There is significant methane emission from fossil fuel production - double whammy. Flaring it off is probably better than nothing but continues to release CO2 and contribute to the problem. Don't hold your breath for the US EPA to make much headway on this issue. Not that the Australian government is doing a very good job.
 
CO2 is the most siginificant greenhouse gas (yes I said it before). If you accept that methane is a greenhouse gas, then you have no basis for rejecting CO2 as one. Bonus point: If you don't accept that methane is a greenhouse gas, you have no basis for rejecting CO2 as one anyway.

ETA: a good summary


kcar

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Posted: May 1, 2018 - 1:00am

 kurtster wrote:

I do more than just read things and have far more other sources than Fox.

For years here, long before you became a regular here, I have tried to bring up other things including methane besides CO2 regarding this subject.  Every time, 100% of the time, I get beat down and told that only CO2 matters.  Why do you think I barely get involved in this discussion ?  Do you see me in these threads on any kind of regularity ?

Finally there is a very credible source that mentions things other than CO2 and I decide to get involved again and support the things brought up in the article and once again, I get beat down and told that only CO2 matters ... that is until you give me a modicum of support on this thought.  And now you take it away.

And geo engineering has been going on for decades ...   But that is another subject entirely.  And I get beat up on that too.  I even started a thread on it 9 years ago, using that term.  But now you bring up the term.  What exactly do you mean by or consider to be geo engineering since you brought it up ?

So back to non participation and let the CO2 alarmists continue on their path unchallenged, as usual.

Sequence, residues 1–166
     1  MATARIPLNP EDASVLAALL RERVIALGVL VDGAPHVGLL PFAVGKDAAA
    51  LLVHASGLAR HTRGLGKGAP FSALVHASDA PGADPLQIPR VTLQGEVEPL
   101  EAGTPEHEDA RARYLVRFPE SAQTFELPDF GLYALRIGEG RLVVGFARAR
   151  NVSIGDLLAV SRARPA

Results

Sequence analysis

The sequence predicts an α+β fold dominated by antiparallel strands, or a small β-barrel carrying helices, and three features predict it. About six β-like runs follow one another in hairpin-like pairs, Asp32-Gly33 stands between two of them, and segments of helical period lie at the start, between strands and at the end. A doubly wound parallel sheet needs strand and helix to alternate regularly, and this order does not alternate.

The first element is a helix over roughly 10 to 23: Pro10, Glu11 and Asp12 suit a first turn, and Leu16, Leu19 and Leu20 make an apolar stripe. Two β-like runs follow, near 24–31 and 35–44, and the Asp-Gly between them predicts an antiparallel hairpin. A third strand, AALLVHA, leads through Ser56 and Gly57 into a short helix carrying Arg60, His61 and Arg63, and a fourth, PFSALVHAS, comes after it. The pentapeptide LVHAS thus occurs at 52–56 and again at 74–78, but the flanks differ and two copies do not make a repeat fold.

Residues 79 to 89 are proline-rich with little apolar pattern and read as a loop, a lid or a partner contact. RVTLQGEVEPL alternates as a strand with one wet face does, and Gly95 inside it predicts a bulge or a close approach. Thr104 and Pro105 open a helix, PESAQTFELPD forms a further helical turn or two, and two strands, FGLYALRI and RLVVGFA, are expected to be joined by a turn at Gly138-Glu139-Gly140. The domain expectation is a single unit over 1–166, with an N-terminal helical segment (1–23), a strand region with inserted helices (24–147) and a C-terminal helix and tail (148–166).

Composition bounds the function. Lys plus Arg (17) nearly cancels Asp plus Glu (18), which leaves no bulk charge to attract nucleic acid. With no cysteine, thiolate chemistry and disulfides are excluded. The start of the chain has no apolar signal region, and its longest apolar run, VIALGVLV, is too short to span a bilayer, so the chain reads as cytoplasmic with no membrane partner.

You'll have to point me to your past posts where you warn about methane. I believe you but skimmed backwards to 2014 in this thread (for such a serious topic, there aren't all that many posts here) and I don't think I saw posts from you warning about methane. 
{#Think} (more of a shrug than a think, but it's late and I have insomnia). 
I did see this from you back in 4/29/14—I vigorously disagree with it btw: 

What bothers me the most is how we are distorting our entire economy to address this in money losing propositions.  We cannot overcome the foreign outputs of China and India and other nations whose priorities do match ours.  So in essence we are only chasing our tails and bankrupting ourselves financially and even morally in this futile endeavor.  The moral example is that it is now ok to kill eagles and other birds when wind farms are doing the killing.

That's not to say that we do nothing.  Just not what we are doing now.  We should direct our energy towards finding ways to cope and adapt rather than try and reverse it. 

Change is the only constant in life.  All this time, energy and money being spent to try and prevent change (or put the genie back in the bottle) is downright foolish and futile. Politicians and there masters only make money when something goes wrong.  They do not make any money when they fix things.